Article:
While reading a English Syntax book, I wondered how I have to read a', a'', a''' in English. Would you tell me how to?

  • 3
    I think most of us would like to see the context first. They might be pronounced a prime, a double prime, and a triple prime respectively, but that might not always be the answer.
    – J.R.
    Jun 11, 2013 at 14:19
  • McCawley's Syntactic Phenomena of English uses A, P, V for Adjective, Verb, Preposition, and A', P', V' for Adjective phrase, Verb phrase, Preposition phrase. It doesn't use the double- or triple-tick versions though, so I just think of them as A-tick, etc. Jun 11, 2013 at 14:57
  • 1
    @FumbleFingers McCawley says somewhere (a footnote to Ch. 1?) that A′, P′, ... X′ were originally notated with a bar over the character, Ā, &c, and that when the notation with the prime symbol was adopted for easier typesetting the expressions continued to be read A-bar, P-bar, &c. Hence X-bar theory. Jun 11, 2013 at 16:02
  • 1
    @StoneyB: I found it in my copy by looking up X-bar syntax in the index, which led me to the discussion in Ch7 footnote 7. McCawley says that in his approach "multiple bars make no sense" in respect of A,P,V - but as you say, he does use them when "numbering" his example usages. Jun 11, 2013 at 16:44
  • @FumbleFingers Yes - because lower-case a, b, c are not in his usage symbols of constituents, and the ticks are not 'bars'. Jun 11, 2013 at 16:52

2 Answers 2


I'm guessing that you are referring to McCawley's numbering system for example sentences:

(1) a.
   b. ... and so forth.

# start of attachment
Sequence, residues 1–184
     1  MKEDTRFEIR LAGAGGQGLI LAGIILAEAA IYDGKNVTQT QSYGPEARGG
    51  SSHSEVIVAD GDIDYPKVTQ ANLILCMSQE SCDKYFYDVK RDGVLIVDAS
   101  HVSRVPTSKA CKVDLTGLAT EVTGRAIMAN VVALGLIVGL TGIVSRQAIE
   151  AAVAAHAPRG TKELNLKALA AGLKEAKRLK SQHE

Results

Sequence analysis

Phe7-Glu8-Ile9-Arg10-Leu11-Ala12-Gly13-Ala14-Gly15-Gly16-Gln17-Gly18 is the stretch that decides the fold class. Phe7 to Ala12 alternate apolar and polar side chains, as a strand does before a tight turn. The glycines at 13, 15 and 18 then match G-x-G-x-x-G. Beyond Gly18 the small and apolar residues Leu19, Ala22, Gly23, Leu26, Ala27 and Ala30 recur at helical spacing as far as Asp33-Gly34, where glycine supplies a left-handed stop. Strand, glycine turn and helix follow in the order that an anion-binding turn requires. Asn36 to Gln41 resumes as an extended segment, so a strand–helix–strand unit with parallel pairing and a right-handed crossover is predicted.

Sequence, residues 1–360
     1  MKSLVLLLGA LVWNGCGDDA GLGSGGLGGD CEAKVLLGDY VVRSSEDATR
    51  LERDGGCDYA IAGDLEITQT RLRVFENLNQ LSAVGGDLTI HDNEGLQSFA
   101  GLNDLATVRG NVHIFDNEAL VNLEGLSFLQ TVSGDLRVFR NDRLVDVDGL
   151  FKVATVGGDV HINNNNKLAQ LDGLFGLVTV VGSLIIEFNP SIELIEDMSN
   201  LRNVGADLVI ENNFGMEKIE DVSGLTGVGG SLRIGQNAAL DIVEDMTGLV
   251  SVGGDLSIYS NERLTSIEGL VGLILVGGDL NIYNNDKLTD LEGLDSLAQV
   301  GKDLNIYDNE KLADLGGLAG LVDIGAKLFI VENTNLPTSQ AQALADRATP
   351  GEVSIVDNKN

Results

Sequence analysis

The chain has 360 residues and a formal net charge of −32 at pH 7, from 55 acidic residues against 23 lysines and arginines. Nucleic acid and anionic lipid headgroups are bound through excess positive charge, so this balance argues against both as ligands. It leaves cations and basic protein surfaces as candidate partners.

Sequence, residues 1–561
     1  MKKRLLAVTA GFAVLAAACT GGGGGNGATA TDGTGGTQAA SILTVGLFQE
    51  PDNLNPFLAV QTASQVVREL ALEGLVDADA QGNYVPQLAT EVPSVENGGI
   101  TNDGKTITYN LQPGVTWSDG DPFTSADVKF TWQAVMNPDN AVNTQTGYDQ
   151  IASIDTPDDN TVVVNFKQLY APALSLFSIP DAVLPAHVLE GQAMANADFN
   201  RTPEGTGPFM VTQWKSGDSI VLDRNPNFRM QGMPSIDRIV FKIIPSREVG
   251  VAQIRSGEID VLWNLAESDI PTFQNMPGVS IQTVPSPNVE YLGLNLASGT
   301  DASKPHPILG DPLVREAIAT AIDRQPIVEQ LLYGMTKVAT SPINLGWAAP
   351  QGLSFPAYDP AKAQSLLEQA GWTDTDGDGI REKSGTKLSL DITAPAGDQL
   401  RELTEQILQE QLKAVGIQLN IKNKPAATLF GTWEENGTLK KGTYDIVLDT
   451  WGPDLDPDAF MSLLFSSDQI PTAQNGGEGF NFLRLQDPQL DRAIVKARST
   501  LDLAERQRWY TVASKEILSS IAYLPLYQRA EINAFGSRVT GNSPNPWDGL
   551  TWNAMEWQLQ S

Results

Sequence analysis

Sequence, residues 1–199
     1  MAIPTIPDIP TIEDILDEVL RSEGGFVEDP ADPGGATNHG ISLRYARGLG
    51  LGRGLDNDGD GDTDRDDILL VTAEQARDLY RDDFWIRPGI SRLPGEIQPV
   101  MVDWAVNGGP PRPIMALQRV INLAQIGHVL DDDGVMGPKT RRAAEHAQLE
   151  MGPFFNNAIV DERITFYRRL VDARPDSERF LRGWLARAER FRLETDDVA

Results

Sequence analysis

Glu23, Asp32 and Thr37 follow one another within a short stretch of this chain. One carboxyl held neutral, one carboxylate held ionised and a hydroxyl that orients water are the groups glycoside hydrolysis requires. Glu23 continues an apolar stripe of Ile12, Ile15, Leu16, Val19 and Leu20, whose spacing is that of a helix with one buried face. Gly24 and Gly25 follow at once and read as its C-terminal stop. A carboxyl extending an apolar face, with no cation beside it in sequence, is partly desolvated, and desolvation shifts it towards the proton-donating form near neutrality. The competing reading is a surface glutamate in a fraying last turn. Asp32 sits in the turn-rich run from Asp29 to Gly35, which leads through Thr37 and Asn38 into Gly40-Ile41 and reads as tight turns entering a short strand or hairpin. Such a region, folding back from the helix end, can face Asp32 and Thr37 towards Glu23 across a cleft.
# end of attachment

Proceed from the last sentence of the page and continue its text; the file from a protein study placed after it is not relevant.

These are not actually English words but typographic symbols. Like the tree diagrams, they're not really intended to be spoken.

If you have to speak them, you may as J.R. suggests say a-prime, a-double-prime, etc. (which is a use borrowed from mathematics), or you may as FumbleFingers suggests say a-tick, etc. (but that is a British rather than US usage).

  • 1
    I'm British and I've never heard "a-tick". In mathematics, it would be either "prime" or "dash". (No, I don't know why "dash", when a dash is a completely different piece of punctuation.) Feb 17, 2014 at 8:38

I'm most familiar with it in mathematics, where they are used as related designations of a variable a (or more commonly x, y, or z). I have always read them a-prime, a-double-prime. Haven't really come across a‴ before, but a-triple-prime makes sense. Wikipedia begins with this entry for Prime (symbol):

The prime symbol ( ′ ), double prime symbol ( ″ ), and triple prime symbol ( ‴ ), etc., are used to designate several different units and for various other purposes in mathematics, the sciences, linguistics and music.

You must log in to answer this question.

Not the answer you're looking for? Browse other questions tagged .